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What to say to Opponents of Equality


The marriage equality issue may be one of the most important of our life-time.  Especially if and when the constitution is amended to permanently make us second-class American citizens!






It is vitally important that we win the hearts and minds of ordinary Americans who are misinformed about our 'agenda' and our need for equal legal rights and protections.  We must vocalize our side of the story to overcome negative messages repeated and replayed in places of worship, schools, in the media and at the dinner table, where people are bombarded over and over with negative stereotypes and lies about gay and lesbian families.





In Part I we discuss methods of broaching the subject of same-sex marriage with someone you wish to persuade, and in Part II, we list common arguments used by opponents with examples of counter arguments and thought provoking questions.


The First Thing to Remember: Your tone and attitude speak volumes!!





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In order to successfully counter arguments based upon fear and lies, we must understand those arguments well enough to respond to them calmly.    Your input may be someone's first encounter with the 'other side of the story.' 

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First, we must remember that most people think what they do because they have no other reality with which to compare.






Second, there is no sense wasting your breath on the hopeless, adamant person who is too frightened to have an open mind.  If you spend your time trying to change the hearts of these folks you will soon be overwhelmed by despair!  Save yourself for those who have the ability to open their minds to new possibilities.  You will get an instinctive feeling about who these people are if you follow the guidelines suggested here.





For example, we find that the most effective way to break down stubborn barriers to new ideas is to ask questions rather than lecture someone who is convinced that we have an evil intent.     People often make an effort to respond thoughtfully to a non-threatening question.  The added benefit to this tactic is that  when asked a question in this manner, a person may conclude for themselves that unequal treatment under the law is well -- not fair and possibly unconstitutional.






When asking your questions, try to use a 'therapeutic dialogue' technique of active listening (leaning forward, nodding in understanding, etc.), reflecting (repeating back in a question format a paraphrase of what the person has just said in order to ascertain that you understood them -- if they disagree with your interpretation, ask them to repeat their comment and reflect it back again until they agree that you understand their point of view), validating (a statement of understanding and/or empathy as in "I understand how that may make you angry or afraid..."), and finally, sharing your own perspective in a calm and non-threatening manner.  Do not expect to have the same level of understanding reflected back after you have your say... after all that person did not have the benefit of reading this website!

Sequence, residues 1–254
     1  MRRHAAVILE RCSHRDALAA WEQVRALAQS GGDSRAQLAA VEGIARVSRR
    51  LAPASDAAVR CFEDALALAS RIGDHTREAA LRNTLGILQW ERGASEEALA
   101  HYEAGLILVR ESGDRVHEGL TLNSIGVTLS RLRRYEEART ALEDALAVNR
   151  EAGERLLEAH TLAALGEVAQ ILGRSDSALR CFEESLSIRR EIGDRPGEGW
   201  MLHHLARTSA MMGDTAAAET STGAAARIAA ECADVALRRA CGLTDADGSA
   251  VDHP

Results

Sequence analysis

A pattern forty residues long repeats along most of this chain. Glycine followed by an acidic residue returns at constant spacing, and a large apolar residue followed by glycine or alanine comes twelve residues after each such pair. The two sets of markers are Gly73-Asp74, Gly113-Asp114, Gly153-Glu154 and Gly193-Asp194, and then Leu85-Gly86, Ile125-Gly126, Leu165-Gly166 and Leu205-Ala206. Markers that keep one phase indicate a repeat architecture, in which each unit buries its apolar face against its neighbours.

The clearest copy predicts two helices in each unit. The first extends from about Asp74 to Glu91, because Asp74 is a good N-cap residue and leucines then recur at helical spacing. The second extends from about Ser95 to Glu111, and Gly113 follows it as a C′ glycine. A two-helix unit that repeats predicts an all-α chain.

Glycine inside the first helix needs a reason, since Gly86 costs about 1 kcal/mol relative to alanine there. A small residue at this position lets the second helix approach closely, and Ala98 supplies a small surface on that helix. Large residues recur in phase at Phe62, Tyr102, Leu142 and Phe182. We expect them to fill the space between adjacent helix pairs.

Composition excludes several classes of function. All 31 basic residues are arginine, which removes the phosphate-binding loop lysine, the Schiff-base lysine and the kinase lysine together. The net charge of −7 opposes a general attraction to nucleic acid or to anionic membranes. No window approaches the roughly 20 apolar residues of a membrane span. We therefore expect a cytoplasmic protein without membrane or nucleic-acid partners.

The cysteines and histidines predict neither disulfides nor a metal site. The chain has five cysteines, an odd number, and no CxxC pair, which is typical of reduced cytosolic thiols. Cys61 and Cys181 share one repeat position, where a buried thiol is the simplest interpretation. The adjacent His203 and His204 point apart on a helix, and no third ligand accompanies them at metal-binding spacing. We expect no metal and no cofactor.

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I. Examples of Ice-Breaker Questions:






Ask about the person's own family -- questions like, 'Are you married?' and 'Tell me about your parents, grandparents, etc.'  The opposition likes to link the marriage equality issue with deviant sexuality.  Questions about a person's married family members will help them to identify that marriage and sex are not the same thing. 






Once you feel comfortable about opening up the door to the main issue you want to discuss, ask them something like "What do you think about the same-sex marriage controversy?" or some other similar question. 






Continue the line of questioning by asking where they got their ideas and information about same-sex marriage and/or gay and lesbian families, agenda, etc.






Ask if the information they received from these groups or other sources is also informed or augmented by their own experiences and/or acquaintances?






Ask if the person believes that it is possible that some of what they have heard is misinformation or not entirely accurate.






See if they can remember a time in their own life when they too were treated unfairly because of inaccurate or wrong information.  Most people have experienced unjust treatment in their lives if only as a child -- thus you may want to phrase the question to ask about a childhood experience.






If the person is able to identify a time in their life when they were treated badly because of misinformation, ask further how that misinformation helped to exacerbate the injustice they suffered.






If you were able to do the therapeutic dialogue technique as described above, the person you are speaking to should not be feeling threatened.  Hopefully you will be able to move toward a discussion of the issues that need to be addressed -- namely, that your family is harmed by a lack of legal rights and benefits and why this is a problem. 

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II. Common Objections to Equal Marriage Rights:












Questions to ask about objection #1:






1. What is your definition of a "sin?"  Is this definition shared by all religions?






2. Can you think of an act that is considered a sin by some religions but not others?






 3. If one religion is authorized by the government to determine what behavior is or is not sinful, which religion should it be?






a.  The religion practiced by the majority?






b.  The religion practiced by those in power?






c.  No specific religious belief should guide  legislators and other law makers






4. What are the dangers of using a specific religious belief to write laws for all Americans?

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Suggested Responses to Objection #1  






A. Marriage is a civil right and not a religious institution:






Ministers, priests and rabbis must obtain governmental authority (a license) to officiate over marriage.  In fact, many government employees (justice of the peace, magistrates, mayors, ship captains, etc.) who are not affiliated with a religion are also given this authority.  The following words are uttered in virtually every marriage ceremony: "By the power invested in me by the State of __________, I now pronounce you husband and wife."   This sentence alone proves that the power and authority to marry derives from the state and not from God.